As a summer day camp director I had the opportunity to read the book to thirteen children (K5-2nd Grade). And this is how I know that the children appreciate animal sounds! I explained to them the five star rating. All thirteen children gave the book five stars! I asked the children what they liked about the book. I quote.

“The pictures are cute.”

“I love the Kittens.”

“I liked when the horse was sleeping.”

“I liked the pictures.”

“I liked the donkey.”

“all of the animal pictures, everything, the whole book”

“when it said good night God”



“cows and owls”

“the puppy dog”
Thank you, Mark Evans, wherever you are, for sharing this book with kiddos, um, for being a summer day camp director (whew!), and for simply sharing the love of reading with little ones. 

Tuesday, August 2, 2016

NEW RELEASES!!! Faith, Hope, Love

Brace yourselves for the preciousness that is 
the Faith, Hope, Love series--available TODAY! 

It all started with one little line, "How big is love?" and just grew from there. 
Yes, we pull you in with the adorable illustrations. ;) (Seriously, go check out Breezy Brookshire now.) But we want your kids to walk away with the everlasting message behind the adorableness.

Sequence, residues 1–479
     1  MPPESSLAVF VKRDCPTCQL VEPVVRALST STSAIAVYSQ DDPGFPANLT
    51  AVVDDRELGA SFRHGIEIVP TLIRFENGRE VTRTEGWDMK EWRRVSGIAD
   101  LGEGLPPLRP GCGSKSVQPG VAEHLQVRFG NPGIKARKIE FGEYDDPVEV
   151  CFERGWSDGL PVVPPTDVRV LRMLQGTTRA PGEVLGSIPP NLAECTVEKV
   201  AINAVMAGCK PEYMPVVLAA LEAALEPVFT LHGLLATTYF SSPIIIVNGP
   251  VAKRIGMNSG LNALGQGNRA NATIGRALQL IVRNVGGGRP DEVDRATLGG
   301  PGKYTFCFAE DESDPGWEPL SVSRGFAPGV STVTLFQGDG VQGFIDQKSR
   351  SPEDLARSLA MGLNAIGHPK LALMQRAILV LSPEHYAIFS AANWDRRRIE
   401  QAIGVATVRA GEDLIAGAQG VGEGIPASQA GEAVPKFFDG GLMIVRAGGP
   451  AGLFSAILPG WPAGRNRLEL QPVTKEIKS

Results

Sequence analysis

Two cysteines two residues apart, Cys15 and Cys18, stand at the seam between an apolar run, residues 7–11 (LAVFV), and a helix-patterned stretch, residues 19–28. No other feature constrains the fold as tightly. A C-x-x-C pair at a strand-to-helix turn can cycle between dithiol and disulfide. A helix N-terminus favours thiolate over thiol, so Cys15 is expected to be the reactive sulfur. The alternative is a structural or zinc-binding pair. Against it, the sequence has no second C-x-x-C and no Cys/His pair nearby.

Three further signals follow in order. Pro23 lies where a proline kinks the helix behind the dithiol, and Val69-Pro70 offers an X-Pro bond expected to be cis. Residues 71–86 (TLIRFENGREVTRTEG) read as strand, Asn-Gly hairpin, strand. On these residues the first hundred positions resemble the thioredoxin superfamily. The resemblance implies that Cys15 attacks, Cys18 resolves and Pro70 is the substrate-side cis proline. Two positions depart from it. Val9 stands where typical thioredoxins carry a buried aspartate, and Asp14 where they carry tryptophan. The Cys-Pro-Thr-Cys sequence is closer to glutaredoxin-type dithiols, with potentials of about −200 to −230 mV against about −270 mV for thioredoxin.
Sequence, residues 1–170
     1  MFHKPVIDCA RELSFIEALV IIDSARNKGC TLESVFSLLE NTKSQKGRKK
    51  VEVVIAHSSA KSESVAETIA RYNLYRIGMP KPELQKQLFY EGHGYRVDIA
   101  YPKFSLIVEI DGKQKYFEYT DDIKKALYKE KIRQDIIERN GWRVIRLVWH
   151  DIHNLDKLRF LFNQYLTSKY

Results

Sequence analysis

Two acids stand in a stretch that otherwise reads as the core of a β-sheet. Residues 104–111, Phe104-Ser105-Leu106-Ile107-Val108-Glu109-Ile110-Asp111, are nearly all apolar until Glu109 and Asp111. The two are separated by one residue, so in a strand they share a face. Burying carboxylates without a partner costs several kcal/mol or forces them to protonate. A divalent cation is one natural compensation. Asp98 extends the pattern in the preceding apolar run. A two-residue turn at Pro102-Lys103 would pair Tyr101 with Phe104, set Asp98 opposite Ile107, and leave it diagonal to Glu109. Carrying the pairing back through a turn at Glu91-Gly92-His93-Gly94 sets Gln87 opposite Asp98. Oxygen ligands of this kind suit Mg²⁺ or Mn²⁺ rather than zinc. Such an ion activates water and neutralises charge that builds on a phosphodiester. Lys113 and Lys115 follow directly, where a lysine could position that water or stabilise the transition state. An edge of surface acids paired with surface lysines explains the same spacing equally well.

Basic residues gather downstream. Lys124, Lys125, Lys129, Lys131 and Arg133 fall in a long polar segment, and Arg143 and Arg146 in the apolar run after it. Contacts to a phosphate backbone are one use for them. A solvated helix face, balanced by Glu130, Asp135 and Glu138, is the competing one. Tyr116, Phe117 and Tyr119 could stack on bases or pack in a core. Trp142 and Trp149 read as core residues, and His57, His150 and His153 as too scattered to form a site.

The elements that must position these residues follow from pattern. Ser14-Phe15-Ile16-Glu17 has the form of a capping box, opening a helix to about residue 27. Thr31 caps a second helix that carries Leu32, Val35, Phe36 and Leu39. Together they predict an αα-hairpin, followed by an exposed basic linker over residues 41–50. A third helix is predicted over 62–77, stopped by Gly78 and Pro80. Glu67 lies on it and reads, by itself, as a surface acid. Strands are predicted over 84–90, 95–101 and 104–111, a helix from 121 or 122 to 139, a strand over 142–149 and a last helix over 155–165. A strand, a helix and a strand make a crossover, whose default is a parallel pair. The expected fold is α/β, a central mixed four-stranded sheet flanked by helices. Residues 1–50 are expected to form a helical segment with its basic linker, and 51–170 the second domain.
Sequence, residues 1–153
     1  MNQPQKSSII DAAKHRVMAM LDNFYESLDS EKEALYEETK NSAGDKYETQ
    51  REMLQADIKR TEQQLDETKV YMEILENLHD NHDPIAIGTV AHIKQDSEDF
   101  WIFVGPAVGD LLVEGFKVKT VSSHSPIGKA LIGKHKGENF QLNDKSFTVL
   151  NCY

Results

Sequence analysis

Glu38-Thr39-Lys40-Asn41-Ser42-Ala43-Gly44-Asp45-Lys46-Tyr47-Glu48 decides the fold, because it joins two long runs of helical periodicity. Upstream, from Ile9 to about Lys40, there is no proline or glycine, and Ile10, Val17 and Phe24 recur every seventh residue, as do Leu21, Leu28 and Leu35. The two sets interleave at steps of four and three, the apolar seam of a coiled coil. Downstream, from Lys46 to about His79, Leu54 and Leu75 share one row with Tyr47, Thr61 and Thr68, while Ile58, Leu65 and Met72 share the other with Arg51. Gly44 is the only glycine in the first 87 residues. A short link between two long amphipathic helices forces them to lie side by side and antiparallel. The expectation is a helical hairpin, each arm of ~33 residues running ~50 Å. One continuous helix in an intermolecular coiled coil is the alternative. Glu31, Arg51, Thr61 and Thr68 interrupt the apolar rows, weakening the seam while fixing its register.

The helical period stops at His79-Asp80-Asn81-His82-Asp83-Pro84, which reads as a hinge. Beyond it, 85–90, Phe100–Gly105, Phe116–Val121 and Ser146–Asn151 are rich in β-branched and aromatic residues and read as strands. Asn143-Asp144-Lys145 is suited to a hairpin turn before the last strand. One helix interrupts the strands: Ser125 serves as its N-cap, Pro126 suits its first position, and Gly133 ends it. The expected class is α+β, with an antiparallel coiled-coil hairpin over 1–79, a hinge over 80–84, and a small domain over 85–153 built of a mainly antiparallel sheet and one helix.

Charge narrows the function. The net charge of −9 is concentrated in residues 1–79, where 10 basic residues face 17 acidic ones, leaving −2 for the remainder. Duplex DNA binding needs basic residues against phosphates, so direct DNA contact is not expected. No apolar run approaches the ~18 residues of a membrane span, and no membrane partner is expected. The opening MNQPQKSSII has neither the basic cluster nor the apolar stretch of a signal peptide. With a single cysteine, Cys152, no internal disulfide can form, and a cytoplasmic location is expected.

In 1 Corinthians 13, after Paul describes the attributes of love, he leaves us with this declaration: “Now these three remain: faith, hope, and love. But the greatest of these is love” (v. 13 HCSB). The NASB says, “Faith, hope, and love, abide these three.” The NLT translates, “Three things will last forever . . .” If these things--faith, hope, and love--are the three things that remain, abide, that last forever, then these are certainly ideas that our children need to hear early and often, in a language and format that they understand. 

Three board books--How Far Is Faith?, How High Is Hope?, and How Big Is Love?--introduce and explain these concepts in a series of simple questions and answers between parent and child, comparing the abstract concepts to real, tangible things to which children can relate. Children will walk away with a firm grasp of faith, of hope, and of love: these three things that remain.

After the board books introduce the concepts, the devotional (releasing November 1) will help children to internalize these ideas by putting them into action. This engaging, educational approach will solidify these foundational concepts in the heart of a child, making a lifelong impact on the next generation.

Well . . . at least, that's my hope

But as Winsett would tell me . . .

Now available!


And coming soooon . . .

Thursday, July 14, 2016

NEW RELEASE! Night Night, Farm

This adorableness released July 12, 2016!